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Energy Market Integration in East Asia: Theories, Electricity Sector and Subsidies

Listed editor(s):
  • Yanrui Wu
  • Xunpeng Shi
  • Fukunari Kimura
Registered editor(s):
Listed author(s):
  • Yanrui Wu
  • Xunpeng Shi
  • Fukunari Kimura
  • Yu Sheng
  • Youngho Chang
  • Yanfei Li
  • Sun Xuegong
  • Guo Liyan
  • Zeng Zheng
  • Daisy Shen
  • Qing Yang
  • Kongchheng Poch
  • Savong Tuy
  • Sekar Utami Setiastuti
  • Maftuchatul Chaeriyah
  • Khalid Abdul Hamid
  • Zakariah Abdul Rashid

Since the formation of the East Asian Summit (EAS) in 2005, Energy Market Integration (EMI) in East Asia has become one of the initiatives endorsed and actively promoted by EAS governments. Electricity market integration in East Asia is an important component of EMI. It is argued that an integrated East Asian electricity market would benefit all EAS members in several ways. These include potential access to competing suppliers within and beyond the borders, and hence better provision for peak electricity demand and supply security. Some progress has been made in this direction. These include the cross-border power trading within the Greater Sub-Mekong Region (GMS) and the scheduled construction of the ASEAN Power Grid (APG). However, electricity market integration within the EAS area remains a challenging task. To gain a better understanding of the issues involved and follow two previous ERIA projects, this EMI project focuses on the electricity sector. It has several objectives. First, we want to explore some general issues associated with EMI particularly electricity market integration and hence contribute to the ongoing debates about regional market integration. Second, we select three countries for case studies, namely, Cambodia, China and New Zealand. These countries represent EAS members at different stages of development in their electricity sectors. The third objective of this project is to deal with the removal of subsidies in the energy sectors. We focus on three EAS members, namely Indonesia, Malaysia and Vietnam for detailed investigations. Specifically we consider various scenarios of reducing or removing subsidies and hence the possible consequences.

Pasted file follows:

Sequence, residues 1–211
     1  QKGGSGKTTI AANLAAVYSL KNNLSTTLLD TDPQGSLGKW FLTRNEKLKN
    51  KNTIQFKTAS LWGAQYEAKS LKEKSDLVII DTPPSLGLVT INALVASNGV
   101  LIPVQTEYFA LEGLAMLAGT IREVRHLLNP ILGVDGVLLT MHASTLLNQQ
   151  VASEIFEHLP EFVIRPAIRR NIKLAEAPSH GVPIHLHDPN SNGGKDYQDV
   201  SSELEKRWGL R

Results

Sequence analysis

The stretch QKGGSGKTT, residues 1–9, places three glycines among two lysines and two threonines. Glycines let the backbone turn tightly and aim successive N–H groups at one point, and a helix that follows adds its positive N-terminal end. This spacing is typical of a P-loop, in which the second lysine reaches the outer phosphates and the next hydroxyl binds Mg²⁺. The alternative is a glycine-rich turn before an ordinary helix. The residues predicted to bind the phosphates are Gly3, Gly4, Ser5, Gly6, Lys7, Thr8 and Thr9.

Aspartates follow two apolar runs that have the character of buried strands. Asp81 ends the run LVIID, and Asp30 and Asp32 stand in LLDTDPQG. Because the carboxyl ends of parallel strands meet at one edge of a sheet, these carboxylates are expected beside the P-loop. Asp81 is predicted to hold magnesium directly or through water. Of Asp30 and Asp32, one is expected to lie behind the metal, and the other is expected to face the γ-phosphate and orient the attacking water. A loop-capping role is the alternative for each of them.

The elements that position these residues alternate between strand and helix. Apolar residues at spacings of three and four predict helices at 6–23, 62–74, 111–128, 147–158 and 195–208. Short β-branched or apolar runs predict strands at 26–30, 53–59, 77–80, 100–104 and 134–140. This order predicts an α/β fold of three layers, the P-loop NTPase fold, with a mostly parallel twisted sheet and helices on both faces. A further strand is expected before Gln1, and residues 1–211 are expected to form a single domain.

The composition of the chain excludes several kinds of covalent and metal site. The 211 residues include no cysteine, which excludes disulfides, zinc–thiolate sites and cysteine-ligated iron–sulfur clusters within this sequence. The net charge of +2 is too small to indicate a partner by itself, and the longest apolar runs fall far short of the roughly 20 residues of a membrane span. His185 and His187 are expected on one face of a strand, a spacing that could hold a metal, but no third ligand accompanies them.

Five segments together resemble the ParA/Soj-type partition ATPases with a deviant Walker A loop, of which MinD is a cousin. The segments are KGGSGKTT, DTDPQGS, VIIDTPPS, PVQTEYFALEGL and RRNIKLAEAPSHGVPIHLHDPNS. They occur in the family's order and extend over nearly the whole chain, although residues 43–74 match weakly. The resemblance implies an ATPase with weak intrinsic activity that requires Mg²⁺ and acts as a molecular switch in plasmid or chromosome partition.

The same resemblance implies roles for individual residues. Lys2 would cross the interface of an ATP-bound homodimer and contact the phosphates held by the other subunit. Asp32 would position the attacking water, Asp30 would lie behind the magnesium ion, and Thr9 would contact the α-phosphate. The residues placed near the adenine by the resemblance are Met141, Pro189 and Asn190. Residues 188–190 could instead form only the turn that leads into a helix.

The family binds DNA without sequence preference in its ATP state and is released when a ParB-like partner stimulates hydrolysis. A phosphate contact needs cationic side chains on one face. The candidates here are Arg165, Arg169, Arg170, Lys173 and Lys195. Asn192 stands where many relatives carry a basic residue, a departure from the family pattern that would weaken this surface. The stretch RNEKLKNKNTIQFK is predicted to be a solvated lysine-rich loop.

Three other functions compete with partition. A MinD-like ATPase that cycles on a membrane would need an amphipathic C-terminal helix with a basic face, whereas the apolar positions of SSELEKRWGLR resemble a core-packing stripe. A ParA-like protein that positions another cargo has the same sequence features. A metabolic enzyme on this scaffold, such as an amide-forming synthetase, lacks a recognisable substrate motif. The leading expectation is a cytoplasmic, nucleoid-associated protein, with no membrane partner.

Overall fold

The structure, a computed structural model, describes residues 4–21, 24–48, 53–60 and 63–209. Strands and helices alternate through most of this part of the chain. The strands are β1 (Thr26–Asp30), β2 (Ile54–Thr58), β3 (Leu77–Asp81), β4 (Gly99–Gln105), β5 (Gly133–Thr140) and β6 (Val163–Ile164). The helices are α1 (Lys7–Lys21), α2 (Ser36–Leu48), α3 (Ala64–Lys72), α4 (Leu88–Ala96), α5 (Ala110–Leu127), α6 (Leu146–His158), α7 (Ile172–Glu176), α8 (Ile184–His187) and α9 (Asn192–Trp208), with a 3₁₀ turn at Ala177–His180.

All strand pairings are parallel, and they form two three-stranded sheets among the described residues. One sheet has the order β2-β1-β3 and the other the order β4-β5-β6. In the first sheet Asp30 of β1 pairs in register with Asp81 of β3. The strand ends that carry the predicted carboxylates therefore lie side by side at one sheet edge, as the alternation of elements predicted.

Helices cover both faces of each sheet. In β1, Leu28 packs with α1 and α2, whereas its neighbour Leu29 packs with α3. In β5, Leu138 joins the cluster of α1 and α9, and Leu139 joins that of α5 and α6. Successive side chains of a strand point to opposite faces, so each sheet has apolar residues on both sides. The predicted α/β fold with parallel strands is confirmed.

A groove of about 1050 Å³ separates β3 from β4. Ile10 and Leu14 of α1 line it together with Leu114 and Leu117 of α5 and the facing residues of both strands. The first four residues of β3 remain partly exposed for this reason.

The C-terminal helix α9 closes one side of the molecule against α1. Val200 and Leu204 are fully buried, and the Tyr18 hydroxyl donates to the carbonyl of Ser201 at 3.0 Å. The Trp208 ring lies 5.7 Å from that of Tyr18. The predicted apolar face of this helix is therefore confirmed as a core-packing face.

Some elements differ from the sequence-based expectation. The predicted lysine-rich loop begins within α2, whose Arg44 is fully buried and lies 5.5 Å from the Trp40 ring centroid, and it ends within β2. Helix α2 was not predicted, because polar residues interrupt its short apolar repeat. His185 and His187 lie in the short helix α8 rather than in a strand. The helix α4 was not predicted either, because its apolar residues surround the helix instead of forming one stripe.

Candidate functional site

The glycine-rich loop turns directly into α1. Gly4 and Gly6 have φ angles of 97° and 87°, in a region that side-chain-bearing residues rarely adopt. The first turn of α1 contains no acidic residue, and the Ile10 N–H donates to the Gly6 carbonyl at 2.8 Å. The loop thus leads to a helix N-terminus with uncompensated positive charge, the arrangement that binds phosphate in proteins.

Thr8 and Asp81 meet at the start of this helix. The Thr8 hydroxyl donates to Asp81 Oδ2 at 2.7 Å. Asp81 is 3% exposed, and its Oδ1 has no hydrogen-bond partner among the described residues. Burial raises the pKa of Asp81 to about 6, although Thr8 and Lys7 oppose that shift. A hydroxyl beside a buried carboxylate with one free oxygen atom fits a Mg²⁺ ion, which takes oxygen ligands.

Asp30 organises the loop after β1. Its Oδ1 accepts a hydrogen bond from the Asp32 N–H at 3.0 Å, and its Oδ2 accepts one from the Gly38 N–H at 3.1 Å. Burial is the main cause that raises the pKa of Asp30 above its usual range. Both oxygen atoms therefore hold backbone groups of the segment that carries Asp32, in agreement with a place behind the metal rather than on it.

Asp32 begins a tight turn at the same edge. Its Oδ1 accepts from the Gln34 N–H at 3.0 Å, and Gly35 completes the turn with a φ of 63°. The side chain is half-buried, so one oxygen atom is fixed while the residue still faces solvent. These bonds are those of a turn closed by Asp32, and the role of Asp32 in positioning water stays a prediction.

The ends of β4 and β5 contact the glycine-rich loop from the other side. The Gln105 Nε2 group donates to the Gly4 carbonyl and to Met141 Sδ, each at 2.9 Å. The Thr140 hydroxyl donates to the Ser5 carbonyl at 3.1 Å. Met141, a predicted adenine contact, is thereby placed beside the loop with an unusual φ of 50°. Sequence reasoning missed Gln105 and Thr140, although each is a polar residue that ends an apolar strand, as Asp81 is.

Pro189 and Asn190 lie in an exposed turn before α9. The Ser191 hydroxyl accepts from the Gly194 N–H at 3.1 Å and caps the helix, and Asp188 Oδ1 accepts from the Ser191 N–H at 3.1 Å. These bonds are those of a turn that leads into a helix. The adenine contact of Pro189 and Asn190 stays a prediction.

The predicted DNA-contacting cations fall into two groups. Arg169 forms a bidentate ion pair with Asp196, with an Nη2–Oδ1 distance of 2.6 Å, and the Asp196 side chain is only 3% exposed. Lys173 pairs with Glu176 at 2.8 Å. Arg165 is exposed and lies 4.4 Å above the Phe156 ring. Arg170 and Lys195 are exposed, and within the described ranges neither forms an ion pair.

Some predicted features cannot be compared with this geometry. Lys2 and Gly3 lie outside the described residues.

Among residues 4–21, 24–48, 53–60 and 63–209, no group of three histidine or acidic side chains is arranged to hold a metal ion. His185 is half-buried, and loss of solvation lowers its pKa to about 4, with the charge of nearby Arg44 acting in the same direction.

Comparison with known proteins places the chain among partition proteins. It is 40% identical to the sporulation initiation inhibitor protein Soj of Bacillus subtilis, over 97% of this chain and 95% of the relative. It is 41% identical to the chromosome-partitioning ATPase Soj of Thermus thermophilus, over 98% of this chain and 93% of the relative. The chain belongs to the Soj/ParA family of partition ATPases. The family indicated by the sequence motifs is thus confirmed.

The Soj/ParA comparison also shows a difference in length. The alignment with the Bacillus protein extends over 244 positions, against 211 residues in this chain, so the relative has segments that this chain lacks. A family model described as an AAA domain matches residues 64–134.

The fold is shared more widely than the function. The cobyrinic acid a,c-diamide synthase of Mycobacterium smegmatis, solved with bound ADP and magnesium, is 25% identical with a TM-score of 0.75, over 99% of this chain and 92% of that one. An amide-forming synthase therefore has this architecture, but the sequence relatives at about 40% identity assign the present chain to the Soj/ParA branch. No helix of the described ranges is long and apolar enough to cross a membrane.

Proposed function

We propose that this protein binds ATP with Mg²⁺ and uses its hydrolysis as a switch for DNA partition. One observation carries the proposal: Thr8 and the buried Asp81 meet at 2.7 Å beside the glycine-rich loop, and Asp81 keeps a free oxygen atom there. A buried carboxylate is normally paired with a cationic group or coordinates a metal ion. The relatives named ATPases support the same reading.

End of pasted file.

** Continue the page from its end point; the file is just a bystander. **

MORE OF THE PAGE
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This book is provided by Economic Research Institute for ASEAN and East Asia (ERIA) in its series Books with number 2011-rpr-17 and published in .
Handle: RePEc:era:eriabk:2011-rpr-17
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  1. Tri Widodo & Gumilang Aryo Sahadewo & Sekar Utami Setiastuti & Maftuchatul Chaeriyah, . "Impact of Fuel Subsidy Removal on the Indonesian Economy," Chapters, Economic Research Institute for ASEAN and East Asia (ERIA).
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